Earlier this month, former major leaguer and current ESPN analyst Curt Schilling went on 610 AM in Kansas City and made a controversial comment about Democratic presidential candidate Hillary Clinton. Schilling said, “If I’m gonna believe, and I don’t have any reason not to believe, that she gave classified information on hundreds if not thousands of emails on a public server after what happened to General Petraeus, she should buried under a jail somewhere.”
The comment earned Schilling and ESPN plenty of backlash and the sports media company said, “We are addressing it.” A few months prior, ESPN updated its policy for addressing the 2016 presidential election, saying, “We should refrain from political editorializing, personal attacks or ‘drive-by’ comments regarding the candidates and their campaigns.”
Schilling seemed at peace with the possibility he might lose his job, but Vocativ is reporting that ESPN confirmed Schilling will remain on the Monday Night Baseball team.
This is not the first time Schilling has landed in hot water. Last September, ESPN removed him from coverage of the Little League World Series and Sunday Night Baseball after making a Tweet that compared Muslims to Nazis. But to be fair to Schilling, it hasn’t been all bad. Last March, he valiantly stood up for his daughter, who was receiving some vicious comments online.
I’ve given Curt Schilling a lot of crap in the past, but I have to tip my cap to him here.
Many people are passing this around, but I saw it via Meg Rowley of Lookout Landing and Baseball Prospectus. It’s from the public listing of federal campaign contributors. Schilling, not surprisingly, has made donations to political campaigns in the past.
In 2008, while still an active player, he donated to the McCain campaign and listed “Boston Red Sox” as his employer. This past January he donated a small amount to Ben Carson’s campaign and listed “ESPN” as his employer. That makes sense.
Last September, however, right on the heels of his suspension in the wake of his controversial social media habits, he was a bit more specific. Check out the middle one:
I’m still not Curt Schilling’s greatest off-the-field fan, but I always retain some goodwill for people who have a sense of humor about stuff. Kudos to Schilling for being zen about his job status.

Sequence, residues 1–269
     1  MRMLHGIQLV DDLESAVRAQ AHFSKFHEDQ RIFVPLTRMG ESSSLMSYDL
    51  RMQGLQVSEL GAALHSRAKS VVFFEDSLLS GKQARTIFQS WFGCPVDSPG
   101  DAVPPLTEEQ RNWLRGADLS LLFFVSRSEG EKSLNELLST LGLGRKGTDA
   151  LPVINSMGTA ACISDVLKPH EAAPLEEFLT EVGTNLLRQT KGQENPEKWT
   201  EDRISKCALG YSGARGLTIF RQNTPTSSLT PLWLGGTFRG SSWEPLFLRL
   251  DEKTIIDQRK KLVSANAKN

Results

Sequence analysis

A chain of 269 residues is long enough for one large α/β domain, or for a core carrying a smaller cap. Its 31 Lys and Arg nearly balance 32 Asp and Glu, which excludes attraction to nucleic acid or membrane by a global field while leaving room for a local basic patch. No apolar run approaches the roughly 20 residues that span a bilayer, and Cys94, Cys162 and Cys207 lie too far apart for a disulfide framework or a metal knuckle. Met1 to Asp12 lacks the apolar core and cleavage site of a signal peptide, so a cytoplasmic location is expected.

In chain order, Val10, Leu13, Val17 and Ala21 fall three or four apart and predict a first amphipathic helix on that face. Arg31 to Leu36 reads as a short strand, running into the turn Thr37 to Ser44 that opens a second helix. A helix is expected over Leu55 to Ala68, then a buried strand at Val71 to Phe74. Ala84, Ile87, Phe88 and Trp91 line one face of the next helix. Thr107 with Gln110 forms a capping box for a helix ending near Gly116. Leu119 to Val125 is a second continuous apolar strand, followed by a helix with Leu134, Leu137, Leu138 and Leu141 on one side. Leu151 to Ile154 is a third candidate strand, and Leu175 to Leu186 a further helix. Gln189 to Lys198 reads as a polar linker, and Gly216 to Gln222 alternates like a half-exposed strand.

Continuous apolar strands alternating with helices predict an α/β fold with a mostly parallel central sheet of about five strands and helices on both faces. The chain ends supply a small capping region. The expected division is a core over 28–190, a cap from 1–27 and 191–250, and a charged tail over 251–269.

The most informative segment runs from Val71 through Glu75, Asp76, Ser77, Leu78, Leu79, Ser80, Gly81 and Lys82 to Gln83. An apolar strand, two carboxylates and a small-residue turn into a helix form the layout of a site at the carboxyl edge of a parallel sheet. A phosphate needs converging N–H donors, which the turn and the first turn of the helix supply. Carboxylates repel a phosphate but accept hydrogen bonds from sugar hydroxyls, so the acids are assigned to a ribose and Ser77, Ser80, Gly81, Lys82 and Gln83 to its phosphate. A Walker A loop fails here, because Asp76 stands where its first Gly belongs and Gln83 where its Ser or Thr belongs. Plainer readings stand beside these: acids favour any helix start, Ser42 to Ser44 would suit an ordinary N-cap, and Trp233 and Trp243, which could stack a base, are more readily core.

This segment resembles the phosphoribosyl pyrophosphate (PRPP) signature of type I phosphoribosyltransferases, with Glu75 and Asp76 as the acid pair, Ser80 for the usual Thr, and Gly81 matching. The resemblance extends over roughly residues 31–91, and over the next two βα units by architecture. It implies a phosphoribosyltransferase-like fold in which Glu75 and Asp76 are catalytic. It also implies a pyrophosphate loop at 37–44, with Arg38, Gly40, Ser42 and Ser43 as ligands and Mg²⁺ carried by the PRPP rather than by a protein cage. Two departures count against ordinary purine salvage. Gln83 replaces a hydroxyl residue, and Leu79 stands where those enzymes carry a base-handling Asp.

Yesterday we heard Curt Schilling say that Hillary Clinton “should be buried under a jail somewhere,” and then we learned that ESPN was “addressing” the matter. What that means is unclear. In the past ESPN has looked the other way at some of Schilling’s controversial comments while punishing him for others.
Schilling himself, however, suspects that if ESPN does take any action over this that it will be his firing.
This is from his Facebook interaction with someone late last night, commenting on the story that ESPN was addressing the matter. I’ve not screen-capped the people with whom he was speaking because they’re not public people and their comments aren’t necessary to understand Schilling’s comments, but as of this moment you can see the entire conversation on Schilling’s public Facebook page:
The person to whom he was speaking then suggests that ESPN may suspend him for a period of perhaps 90 days. Schilling counters:
Schilling knows the dynamic between he and his employer better than anyone, it should be assumed. Maybe he’s being dramatic. Maybe he knows he’s on a short leash. I suppose we’ll soon know.
Either way, Schilling has said far worse things than offering his opinion that a leading presidential candidate should be dead and buried. One would assume, however, that at some point the issue with ESPN is not the specific thing that Schilling says but the cumulative nature of his controversial statements. No straw weighs particularly much, after all, but at some point one additional one breaks the camel’s back.